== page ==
For novice users, this chapter presents basic concepts about the Unix shell. For advanced users, this chapter also summarizes the major similarities and differences between the Bourne, Korn, and C shells. Details on the three shells are provided in Chapter 4, and Chapter 5.
The following topics are presented:
Introduction to the shell
Purpose of the shell
Let's suppose that the Unix operating system is a car. When you drive, you issue a variety of “commands”: you turn the steering wheel, press the accelerator, or press the brake. But how does the car translate your commands into the action you want? The car's drive mechanism, which can be thought of as the car's user interface, is responsible. Cars can be equipped with front-wheel drive, rear-wheel drive, four-wheel drive, and sometimes combinations of these.
The shell is the user interface to Unix, and by the same token, several shells are available in Unix. Most systems provide more than one for you to choose from. Each shell has different features, but all of them affect how commands will be interpreted and provide tools to create your Unix environment.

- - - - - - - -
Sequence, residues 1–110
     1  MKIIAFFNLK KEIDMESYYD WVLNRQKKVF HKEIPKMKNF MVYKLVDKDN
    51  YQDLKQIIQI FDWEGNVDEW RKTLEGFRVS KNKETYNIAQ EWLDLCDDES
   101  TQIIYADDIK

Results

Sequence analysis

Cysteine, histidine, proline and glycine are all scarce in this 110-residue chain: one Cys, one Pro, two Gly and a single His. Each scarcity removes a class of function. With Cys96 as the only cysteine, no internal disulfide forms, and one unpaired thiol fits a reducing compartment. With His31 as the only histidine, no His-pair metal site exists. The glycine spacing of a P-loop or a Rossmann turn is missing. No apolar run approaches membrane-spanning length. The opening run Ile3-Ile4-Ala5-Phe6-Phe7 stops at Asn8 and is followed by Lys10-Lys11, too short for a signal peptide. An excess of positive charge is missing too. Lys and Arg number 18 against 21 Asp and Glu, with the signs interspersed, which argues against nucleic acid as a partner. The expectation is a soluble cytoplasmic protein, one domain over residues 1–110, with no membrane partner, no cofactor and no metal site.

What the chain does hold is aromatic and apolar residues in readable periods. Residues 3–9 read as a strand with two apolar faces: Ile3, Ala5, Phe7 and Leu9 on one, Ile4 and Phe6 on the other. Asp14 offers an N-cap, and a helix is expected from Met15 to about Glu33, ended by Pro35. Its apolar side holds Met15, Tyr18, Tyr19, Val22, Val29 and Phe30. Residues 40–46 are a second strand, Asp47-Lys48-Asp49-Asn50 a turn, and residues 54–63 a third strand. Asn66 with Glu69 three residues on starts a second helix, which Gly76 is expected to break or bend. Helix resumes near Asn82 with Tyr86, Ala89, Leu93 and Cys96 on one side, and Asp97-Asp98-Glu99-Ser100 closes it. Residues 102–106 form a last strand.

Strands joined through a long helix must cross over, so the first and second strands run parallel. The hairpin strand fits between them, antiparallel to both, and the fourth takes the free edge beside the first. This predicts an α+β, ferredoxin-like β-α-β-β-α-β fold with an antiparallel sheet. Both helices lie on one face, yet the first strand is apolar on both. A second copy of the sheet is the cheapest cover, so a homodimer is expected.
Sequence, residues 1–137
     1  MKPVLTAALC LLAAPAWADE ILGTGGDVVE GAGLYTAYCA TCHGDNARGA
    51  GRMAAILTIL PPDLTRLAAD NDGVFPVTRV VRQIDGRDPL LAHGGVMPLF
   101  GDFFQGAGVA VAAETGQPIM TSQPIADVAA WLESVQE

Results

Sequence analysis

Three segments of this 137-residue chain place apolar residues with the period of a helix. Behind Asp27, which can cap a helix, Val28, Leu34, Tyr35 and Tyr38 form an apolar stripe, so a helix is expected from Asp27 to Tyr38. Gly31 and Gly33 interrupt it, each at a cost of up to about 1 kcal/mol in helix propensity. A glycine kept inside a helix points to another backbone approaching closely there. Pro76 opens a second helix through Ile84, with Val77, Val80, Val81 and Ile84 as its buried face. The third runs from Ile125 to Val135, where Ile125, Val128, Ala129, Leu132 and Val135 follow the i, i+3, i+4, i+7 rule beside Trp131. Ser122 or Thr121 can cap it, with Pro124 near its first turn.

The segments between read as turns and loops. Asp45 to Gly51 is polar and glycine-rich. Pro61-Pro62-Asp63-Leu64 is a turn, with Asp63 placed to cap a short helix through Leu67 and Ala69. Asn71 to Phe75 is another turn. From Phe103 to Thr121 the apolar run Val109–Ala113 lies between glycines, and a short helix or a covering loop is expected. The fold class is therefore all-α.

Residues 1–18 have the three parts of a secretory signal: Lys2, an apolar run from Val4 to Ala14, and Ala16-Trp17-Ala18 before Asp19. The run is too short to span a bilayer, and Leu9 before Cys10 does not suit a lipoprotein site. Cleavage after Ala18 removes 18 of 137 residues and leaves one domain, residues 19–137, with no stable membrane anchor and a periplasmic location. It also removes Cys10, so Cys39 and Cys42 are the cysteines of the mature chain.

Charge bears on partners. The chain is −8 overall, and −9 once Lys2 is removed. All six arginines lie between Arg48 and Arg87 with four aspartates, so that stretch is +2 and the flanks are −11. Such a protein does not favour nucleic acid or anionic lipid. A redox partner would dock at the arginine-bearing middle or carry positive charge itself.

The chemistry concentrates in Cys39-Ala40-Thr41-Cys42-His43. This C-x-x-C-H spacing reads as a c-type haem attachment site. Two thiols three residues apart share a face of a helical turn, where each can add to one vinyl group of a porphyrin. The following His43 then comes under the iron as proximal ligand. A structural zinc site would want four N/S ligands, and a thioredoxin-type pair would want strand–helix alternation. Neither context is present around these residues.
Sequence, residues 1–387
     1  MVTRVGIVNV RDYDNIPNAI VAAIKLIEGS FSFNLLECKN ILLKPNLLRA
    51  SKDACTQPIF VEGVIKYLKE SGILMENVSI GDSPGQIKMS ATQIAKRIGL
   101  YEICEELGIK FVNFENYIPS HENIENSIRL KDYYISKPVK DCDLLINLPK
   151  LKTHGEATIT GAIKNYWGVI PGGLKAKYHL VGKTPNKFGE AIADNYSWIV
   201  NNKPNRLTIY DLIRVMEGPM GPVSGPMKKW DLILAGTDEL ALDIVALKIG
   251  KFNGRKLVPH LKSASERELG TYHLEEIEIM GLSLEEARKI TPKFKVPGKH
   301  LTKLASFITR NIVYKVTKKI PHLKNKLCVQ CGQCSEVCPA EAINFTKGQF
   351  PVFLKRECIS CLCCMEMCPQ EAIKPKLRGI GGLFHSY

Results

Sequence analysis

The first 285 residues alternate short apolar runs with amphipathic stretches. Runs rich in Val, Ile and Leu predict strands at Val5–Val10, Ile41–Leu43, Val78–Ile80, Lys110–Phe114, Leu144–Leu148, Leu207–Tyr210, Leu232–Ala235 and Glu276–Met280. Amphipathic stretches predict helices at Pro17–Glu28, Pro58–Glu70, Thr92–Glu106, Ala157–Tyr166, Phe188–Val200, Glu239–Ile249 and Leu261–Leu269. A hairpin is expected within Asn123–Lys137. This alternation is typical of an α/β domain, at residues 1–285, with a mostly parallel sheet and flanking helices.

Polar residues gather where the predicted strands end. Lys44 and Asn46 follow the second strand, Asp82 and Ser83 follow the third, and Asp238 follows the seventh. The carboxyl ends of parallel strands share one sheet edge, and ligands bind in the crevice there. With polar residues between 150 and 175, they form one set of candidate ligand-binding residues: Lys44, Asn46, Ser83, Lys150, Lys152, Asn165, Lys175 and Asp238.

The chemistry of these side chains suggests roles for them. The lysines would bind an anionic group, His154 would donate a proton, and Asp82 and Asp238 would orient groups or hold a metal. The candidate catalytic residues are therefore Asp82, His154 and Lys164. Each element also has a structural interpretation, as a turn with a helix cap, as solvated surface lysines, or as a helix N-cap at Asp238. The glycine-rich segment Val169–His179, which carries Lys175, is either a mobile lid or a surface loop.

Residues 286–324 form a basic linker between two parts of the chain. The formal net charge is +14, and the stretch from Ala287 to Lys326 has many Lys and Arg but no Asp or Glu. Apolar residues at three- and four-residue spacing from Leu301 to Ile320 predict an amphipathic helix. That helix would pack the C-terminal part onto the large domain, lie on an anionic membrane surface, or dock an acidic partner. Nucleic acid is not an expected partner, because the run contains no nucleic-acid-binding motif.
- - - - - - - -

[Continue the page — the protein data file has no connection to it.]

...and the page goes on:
The shell is simply a program that allows the system to understand your commands. (That's why the shell is often called a command interpreter.) For many users, the shell works invisibly--“behind the scenes.” Your only concern is that the system does what you tell it to do; you don't care about the inner workings. In our car analogy, this is comparable to pressing the brake. Most of us don't care whether the user interface involves disk brakes or drum brakes, as long as the car stops.
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